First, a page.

The "Rape of Iraq" is an international crime of the highest and most serious kind. How have we allowed this to happen in our name, and in the name of "democracy" and "freedom"? Personally I think one of the core values of western civilization has become "hypocracy".

    We have literally destroyed a country and its infrastructure, with horrific results. Compared to us, Saddam was a prince among men. To me, Blair is actually worse than Saddam Husein.

    If I had my way Blair would be impeached and put on public trial in the palace of Westminster like Charles the first. As he found the trial of Saddam acceptable and fair, I would employ the same "standards" at Blair's trial. I would contend that he would be found guilty of warcrimes and crimes against humanity. I would not support his execution like Charles the first though, as I'm against capital punishment. I would however send him to prison for a long time. I would also confiscate any income Blair would earn from his literary endevours. It seems obscene that such a creature should profit from his crimes. I would send the money to Iraq, probably to a children's hospital in Baghdad.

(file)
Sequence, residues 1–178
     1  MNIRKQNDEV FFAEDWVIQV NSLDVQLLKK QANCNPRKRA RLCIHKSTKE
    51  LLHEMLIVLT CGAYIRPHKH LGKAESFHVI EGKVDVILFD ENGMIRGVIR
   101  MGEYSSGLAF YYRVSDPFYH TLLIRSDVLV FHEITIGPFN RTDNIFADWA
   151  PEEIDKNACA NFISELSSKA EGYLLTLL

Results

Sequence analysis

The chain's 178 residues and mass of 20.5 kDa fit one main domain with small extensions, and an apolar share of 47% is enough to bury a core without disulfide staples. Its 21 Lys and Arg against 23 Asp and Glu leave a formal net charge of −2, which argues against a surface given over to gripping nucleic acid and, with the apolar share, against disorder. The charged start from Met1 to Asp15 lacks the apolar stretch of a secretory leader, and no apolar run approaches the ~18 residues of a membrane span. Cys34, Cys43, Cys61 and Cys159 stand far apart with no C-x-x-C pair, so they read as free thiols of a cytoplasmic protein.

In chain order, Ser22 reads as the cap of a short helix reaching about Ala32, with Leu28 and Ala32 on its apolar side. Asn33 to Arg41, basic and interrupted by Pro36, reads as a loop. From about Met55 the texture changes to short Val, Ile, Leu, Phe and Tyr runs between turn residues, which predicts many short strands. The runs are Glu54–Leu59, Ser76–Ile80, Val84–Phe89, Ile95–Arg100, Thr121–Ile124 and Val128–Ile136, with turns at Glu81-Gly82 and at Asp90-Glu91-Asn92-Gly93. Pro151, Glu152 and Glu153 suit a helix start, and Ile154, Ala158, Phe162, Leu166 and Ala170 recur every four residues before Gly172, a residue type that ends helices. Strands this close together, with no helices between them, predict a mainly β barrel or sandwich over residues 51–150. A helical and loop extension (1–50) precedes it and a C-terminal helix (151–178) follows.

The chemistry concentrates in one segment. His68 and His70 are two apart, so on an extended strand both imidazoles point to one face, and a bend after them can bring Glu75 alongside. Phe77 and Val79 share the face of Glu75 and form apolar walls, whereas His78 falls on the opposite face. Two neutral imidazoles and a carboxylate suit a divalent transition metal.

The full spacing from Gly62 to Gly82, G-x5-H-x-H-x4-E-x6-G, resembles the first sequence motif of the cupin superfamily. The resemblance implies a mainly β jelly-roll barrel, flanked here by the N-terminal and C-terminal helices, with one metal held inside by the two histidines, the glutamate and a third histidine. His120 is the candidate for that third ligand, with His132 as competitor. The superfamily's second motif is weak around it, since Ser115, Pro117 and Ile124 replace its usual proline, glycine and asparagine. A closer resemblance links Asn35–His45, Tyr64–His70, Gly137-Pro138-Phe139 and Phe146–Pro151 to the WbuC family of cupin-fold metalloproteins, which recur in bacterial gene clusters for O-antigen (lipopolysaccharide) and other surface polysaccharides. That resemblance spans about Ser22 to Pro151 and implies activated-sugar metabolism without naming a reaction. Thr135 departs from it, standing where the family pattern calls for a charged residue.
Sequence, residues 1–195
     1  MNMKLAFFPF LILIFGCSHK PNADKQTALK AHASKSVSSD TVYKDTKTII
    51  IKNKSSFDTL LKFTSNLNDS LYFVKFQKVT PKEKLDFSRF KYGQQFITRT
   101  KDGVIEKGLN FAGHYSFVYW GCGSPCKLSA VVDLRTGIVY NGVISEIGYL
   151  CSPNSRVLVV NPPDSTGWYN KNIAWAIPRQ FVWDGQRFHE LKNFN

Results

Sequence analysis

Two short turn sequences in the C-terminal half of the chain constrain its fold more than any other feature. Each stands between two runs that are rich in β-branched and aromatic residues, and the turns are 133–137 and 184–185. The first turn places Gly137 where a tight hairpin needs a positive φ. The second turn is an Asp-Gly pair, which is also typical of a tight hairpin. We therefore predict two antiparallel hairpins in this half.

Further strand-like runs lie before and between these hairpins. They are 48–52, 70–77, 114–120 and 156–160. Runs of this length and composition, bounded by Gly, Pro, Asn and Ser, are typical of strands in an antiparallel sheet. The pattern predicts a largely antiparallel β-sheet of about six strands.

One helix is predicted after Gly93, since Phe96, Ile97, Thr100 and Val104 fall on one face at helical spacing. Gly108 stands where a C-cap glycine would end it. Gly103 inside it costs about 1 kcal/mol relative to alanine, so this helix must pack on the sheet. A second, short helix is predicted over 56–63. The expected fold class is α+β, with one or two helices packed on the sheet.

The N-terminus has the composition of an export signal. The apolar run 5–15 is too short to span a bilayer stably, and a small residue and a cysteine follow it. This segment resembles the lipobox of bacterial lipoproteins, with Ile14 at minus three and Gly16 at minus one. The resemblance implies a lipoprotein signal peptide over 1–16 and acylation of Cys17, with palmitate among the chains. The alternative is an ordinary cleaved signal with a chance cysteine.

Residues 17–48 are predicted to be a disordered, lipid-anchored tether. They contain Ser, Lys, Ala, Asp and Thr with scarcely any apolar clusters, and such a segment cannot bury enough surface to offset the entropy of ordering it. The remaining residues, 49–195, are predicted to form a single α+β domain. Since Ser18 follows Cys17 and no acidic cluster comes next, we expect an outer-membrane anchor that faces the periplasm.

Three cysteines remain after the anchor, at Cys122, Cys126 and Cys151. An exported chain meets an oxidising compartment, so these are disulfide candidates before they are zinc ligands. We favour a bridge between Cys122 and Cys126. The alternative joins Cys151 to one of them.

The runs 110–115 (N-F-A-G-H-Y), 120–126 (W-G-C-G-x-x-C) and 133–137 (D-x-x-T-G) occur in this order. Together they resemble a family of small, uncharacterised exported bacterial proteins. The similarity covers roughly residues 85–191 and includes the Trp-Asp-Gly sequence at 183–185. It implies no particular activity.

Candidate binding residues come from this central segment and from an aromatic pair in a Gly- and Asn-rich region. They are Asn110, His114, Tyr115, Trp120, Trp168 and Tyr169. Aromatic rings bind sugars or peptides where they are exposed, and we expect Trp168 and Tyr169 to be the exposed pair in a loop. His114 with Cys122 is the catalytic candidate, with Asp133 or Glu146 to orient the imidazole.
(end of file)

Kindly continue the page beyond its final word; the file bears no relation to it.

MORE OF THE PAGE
I think the trial of Blair is a test for our democracy. In a truly democratic society Blair would be impeached and tried for his crimes. If we really let him get off scott-free and he earns 20,000,000 over the next five years, then surely this would add insult to injury, and show a kind of contempt for the Iraqi dead and displaced. One can't forget the signal value Blair's trial would send to other leaders considering similar "Wars for Peace" can one?

  • Boss

    As ever the benign Red Cross reports, carefully concocted not to offend any of the belligerents sensibilities, the RC report, presenting the facts, goes onto cite the International law.

    Paying little attention to the actualities, that are indicative of one in Five of Iraqis being either dead, and or made homeless refugees wandering around inside, and or outside of Iraq, in forlorn hope of finding a safe sanctuary.